Pulmonary vascular diseases [PVD]:

PVD is the medical term for disease affecting the blood vessels leading to or from the lungs. Most forms of pulmonary vascular disease cause shortness of breath. You can get PVD from your parents or develop it on your own. Often, it has no apparent cause. People with this condition struggle to get oxygen into their blood. PVD covers many illnesses. Some develop slowly over decades. Others are immediately fatal.

Pulmonary fibrosis:

Scarring and fibrosis of lung tissue characterize pulmonary fibrosis. The other common cause of pulmonary fibrosis is exposure to toxic substances or lung irritants, certain medications and treatments (like radiation and chemotherapy). Certain medical conditions like pneumonia and rheumatoid arthritis may cause pulmonary fibrosis. Pulmonary fibrosis cause lung damage that cannot be repaired, resulting in advanced lung diseases.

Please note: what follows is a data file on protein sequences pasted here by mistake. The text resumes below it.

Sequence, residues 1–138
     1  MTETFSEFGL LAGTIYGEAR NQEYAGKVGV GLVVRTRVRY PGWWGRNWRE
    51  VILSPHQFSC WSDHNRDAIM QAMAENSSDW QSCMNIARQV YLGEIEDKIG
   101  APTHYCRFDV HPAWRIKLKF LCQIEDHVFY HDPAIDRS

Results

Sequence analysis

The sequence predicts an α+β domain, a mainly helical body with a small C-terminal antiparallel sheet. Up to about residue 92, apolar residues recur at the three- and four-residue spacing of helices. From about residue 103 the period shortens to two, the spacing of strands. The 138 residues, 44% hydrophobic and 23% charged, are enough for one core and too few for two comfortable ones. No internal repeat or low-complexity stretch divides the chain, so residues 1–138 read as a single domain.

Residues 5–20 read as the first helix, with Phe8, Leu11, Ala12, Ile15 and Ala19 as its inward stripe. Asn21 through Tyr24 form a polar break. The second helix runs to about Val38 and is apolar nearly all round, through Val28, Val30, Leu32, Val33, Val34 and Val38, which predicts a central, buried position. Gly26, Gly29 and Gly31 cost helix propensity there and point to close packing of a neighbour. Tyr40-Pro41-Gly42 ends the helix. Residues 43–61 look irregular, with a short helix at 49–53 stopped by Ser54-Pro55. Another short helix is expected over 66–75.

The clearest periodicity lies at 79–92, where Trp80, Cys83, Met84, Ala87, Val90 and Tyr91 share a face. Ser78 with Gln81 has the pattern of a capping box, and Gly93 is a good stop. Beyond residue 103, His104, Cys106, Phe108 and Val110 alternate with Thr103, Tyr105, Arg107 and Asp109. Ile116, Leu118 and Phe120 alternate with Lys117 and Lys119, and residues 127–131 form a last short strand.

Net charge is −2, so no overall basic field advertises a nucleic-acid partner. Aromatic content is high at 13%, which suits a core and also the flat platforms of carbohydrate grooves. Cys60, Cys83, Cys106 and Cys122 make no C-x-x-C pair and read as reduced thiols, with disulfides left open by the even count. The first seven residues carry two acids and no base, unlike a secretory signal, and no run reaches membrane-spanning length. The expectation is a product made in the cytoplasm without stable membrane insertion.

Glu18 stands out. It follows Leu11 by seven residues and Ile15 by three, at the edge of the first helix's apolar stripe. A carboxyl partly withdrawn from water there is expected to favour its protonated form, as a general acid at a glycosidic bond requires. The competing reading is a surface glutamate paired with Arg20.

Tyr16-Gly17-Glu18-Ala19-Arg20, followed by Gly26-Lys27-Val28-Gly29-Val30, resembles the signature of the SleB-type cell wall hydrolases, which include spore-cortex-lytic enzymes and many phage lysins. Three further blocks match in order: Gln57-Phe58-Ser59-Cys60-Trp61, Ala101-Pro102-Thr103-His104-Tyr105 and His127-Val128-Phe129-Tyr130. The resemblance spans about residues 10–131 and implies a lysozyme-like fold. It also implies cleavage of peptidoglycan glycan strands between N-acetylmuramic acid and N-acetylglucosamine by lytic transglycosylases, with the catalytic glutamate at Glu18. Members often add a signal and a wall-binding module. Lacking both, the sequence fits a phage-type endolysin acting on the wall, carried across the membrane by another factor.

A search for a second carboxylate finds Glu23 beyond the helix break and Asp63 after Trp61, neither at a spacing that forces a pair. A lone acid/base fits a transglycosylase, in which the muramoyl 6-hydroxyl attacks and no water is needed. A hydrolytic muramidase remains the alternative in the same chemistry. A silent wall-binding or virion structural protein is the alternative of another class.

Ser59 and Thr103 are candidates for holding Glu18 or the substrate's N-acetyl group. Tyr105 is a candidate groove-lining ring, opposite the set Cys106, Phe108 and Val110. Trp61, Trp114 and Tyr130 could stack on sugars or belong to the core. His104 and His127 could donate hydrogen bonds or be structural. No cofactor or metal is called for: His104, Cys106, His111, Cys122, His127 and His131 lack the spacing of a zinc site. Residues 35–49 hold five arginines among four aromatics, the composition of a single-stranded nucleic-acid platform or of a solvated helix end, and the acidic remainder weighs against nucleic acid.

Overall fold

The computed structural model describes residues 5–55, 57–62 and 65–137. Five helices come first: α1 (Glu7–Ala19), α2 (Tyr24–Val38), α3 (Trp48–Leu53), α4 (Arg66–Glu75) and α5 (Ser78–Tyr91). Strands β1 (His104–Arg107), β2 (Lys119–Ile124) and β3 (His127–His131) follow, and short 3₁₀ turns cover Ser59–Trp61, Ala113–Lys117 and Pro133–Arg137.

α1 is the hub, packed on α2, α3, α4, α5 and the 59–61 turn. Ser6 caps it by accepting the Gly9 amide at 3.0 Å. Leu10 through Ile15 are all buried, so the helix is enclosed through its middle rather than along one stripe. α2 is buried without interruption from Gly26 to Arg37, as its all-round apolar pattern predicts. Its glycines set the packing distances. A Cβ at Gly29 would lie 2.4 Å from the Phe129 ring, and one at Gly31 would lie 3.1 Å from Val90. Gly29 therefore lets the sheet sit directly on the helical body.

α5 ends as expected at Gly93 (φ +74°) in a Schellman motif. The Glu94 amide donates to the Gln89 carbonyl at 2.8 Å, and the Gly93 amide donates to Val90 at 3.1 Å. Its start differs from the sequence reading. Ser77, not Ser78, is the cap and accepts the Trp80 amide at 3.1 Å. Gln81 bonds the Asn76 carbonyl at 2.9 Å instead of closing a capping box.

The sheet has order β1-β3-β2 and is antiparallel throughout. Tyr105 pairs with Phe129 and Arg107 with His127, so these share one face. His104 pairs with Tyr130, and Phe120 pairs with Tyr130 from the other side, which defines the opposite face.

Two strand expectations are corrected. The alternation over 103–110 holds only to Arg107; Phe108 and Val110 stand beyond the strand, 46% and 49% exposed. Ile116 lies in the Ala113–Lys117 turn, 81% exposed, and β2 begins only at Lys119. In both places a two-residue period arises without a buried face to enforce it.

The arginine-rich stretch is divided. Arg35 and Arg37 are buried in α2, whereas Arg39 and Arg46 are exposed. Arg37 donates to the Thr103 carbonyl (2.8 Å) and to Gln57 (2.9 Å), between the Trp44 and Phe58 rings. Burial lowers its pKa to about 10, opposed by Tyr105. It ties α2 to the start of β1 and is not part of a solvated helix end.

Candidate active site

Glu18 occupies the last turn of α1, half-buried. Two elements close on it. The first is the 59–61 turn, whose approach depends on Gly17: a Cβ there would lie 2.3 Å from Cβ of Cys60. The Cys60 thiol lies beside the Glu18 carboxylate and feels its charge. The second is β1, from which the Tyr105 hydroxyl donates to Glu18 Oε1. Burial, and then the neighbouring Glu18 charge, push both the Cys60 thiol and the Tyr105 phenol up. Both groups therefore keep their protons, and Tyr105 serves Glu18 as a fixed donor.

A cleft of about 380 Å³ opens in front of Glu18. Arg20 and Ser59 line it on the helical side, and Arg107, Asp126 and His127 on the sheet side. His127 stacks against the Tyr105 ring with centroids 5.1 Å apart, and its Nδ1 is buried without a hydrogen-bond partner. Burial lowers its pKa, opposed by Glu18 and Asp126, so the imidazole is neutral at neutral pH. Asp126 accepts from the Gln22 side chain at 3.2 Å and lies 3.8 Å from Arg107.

Genetic diseases:

Certain genetic diseases like cystic fibrosis (CF) are an inherited disease in which the body makes very thick, sticky mucus. The mucus causes problems in the lungs, pancreas, and other organs. People with cystic fibrosis are regularly affected by lung infections. Over time, they have more trouble breathing. They also have digestive problems that make it hard to gain weight.

Sign and Symptoms of Advanced Lung Diseases

The signs and symptoms of advanced lung diseases can depend on the underlying medical conditions. Most of the advanced lung diseases cause common symptoms, like:

  • Shortness of breath or breathlessness
  • Fatigue
  • Loss of appetite
  • Brain fogging or disorientation

Advanced lung diseases get worse over time and have a poor prognosis. They lead to poor quality of life, reduced life expectancy and could be fatal without proper management.

Risk factors for developing Advanced Lung Diseases

Following are the major risk factors for developing advanced lung diseases:

  • Lifestyle habits like cigarette smoking and tobacco consumption are one of the major risk factors for developing advanced lung diseases, as it destructs lung cells. Over time, these habits cause scarring of the lungs; and result in the development of advanced lung disease.